The outside of the building was lit, but there was not a single car in the parking lot. I parked in front of the office. As I took off my gloves and helmet, a stiff breeze hit me and a cold shiver went down my spine. Not only was it cold, but I also noticed that I had not seen a single soul yet in this town. The office was closed. A small lamp inside shed some light on what almost looked like a construction site. There was a note on the door with a phone number to call for help. I pulled out my phone. Thank god I had reception! I called the number, but nobody answered and all I could do was leaving a message. It was still unclear to me if this place was open for business or not. I finally understood that the GPS is pretty useless when it comes to finding accommodation, because it doesn’t know anything about “closed for the season”, unlike online booking sites. So I went back to my phone and opened booking.com. Many small places allow you to book via that website. I typed in Eastport, Maine, and got Zero results in town. The next one was not too, too far, though. I got excited and almost booked it. Then I saw the fine print: “can only be reached by ferry”. And it was in Canada. I don’t think that was a good option. All the next ones were in Canada as well. A short distance for the crow, but a long way around on the road. So I gave up that idea as well and stopped looking on the web. I got back on my bike, and rode off. My plan was to find a gas station or restaurant or something where are people and just ask. As I left the parking lot, I noticed a pickup truck on the side of the road. An older lady came out. I pulled over. It turned out she was the owner of the motel and came up because I had called. So they WERE open and she DID have a room for me. I pulled back into the parking lot, went into the office and checked in. I took the room right where I parked, so that I would not have to move the bike again or carry my stuff too far. Yes, it was that cold! The lady told me that there was one place where I could get some food: the Happy Crab. She urged me to go very soon, because they close early when they are not busy. I brought my stuff inside, looked for a working light switch, without success. I finally found a desk lamp that worked. It was only 6:30, but I was so concerned about the potential of not getting any food anymore that I walked down to the Happy Crab immediately. Still in my motorcycle gear. It was very bright inside the Happy Crab, but somehow it looked cozy. Only 2 booths were taken. The ambience reminded me of movies that play in the 50s. The waitress was very friendly. I ordered a warm dinner (haddock with mashed potatoes) and a local IPA. That did not really warm me up, so it was quickly followed by blueberry pie and hot tea.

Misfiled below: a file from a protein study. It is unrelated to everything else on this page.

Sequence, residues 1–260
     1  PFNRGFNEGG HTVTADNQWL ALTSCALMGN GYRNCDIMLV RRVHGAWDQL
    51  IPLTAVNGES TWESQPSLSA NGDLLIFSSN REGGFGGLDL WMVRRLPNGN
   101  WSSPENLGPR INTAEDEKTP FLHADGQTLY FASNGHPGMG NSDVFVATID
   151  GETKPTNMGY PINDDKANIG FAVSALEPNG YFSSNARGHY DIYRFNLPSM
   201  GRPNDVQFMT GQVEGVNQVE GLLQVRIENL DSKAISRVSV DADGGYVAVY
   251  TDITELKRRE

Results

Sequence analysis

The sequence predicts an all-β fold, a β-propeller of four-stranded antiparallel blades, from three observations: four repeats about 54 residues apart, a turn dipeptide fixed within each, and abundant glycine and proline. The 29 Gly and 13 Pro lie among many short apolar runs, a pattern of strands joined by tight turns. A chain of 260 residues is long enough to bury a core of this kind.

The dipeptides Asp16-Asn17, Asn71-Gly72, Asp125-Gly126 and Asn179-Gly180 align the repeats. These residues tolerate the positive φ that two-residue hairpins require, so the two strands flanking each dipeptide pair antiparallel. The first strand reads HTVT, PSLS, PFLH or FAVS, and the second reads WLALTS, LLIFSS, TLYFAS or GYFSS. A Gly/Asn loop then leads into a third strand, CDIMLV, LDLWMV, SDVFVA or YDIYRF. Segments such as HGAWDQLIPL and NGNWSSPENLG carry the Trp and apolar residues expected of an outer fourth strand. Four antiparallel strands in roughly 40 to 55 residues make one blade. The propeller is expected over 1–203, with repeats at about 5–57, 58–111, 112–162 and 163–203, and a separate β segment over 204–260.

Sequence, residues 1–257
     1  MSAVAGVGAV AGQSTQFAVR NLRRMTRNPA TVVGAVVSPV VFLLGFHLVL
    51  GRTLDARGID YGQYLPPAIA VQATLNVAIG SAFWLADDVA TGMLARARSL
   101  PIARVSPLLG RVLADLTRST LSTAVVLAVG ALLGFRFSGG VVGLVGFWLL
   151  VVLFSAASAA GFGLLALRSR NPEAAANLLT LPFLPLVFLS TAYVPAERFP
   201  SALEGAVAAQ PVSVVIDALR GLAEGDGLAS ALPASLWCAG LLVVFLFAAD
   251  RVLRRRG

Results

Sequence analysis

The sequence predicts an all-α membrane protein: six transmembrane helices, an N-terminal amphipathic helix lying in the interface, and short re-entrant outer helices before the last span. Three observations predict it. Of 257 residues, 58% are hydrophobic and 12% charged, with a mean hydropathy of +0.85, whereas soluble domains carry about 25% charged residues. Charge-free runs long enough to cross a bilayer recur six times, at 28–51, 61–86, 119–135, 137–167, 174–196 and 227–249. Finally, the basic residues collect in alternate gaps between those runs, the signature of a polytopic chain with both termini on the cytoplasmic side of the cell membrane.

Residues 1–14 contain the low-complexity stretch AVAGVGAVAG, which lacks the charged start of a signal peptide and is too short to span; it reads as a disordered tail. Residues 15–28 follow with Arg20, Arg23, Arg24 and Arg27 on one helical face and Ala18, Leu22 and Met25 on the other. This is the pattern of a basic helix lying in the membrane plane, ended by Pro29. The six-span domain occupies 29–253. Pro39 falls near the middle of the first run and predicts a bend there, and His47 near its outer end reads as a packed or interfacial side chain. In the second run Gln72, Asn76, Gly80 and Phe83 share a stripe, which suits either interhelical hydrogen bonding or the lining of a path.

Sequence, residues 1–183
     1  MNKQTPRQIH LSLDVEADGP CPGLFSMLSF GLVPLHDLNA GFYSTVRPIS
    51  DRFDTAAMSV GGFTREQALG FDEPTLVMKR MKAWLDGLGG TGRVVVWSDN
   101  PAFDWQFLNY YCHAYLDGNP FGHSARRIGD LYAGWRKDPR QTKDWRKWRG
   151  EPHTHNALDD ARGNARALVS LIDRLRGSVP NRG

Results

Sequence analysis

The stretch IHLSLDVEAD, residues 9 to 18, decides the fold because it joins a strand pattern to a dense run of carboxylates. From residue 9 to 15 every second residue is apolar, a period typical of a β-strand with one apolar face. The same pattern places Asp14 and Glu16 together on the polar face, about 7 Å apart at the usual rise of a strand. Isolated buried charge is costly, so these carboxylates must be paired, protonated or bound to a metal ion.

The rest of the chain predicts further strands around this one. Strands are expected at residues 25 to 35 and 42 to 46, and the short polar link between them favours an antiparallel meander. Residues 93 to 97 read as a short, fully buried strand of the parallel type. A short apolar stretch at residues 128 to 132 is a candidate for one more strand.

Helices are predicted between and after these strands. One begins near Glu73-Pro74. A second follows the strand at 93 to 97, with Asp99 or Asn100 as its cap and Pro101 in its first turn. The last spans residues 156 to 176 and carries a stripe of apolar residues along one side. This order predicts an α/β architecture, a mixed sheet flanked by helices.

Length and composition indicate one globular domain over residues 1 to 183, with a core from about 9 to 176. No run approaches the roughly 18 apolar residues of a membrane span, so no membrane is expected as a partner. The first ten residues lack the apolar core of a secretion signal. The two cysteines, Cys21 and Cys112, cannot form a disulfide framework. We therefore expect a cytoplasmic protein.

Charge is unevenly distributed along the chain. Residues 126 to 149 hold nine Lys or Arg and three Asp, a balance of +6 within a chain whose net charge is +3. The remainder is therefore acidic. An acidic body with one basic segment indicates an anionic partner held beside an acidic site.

A few more people walked in. Some sat down in the dining room. Some others went straight to the bar in the back. It seemed everybody knew each other and I was the only stranger. In the next booth over were two ladies chatting and having fun. Looked like a “girls’ night out”. At some point, one of them approached me, asking what had brought me to Eastport. I answered truthfully: my motorcycle. That’s how we got into a conversation. A while later I moved over to their table. We drank wine and chatted. We found out that each of us had three kids and got divorced once. Beth was actually from MA, but moved to Eastport many years ago. Julie grew up in Eastport. I learned a lot about this place, its people, and life in that part of the world. Things are slow and simple here, but in a good way. I also found out that all those islands near Eastport actually belong to Canada. Eastport is the easternmost city in the U.S. That reminded me of Cape Spear near St. John’s in Newfoundland, which is the easternmost point on the North American continent. I visited St. John’s in 2013 during my Newfoundland trip. One unique thing about Eastport is its mustard mill. Raye’s Mustard has been around since 1900 and it is the only traditional stone-ground mustard mill left in the country. It’s a working museum!
It was after 10 pm when we left the Happy Crab and called it a night. Time went by very fast and I made 2 new friends!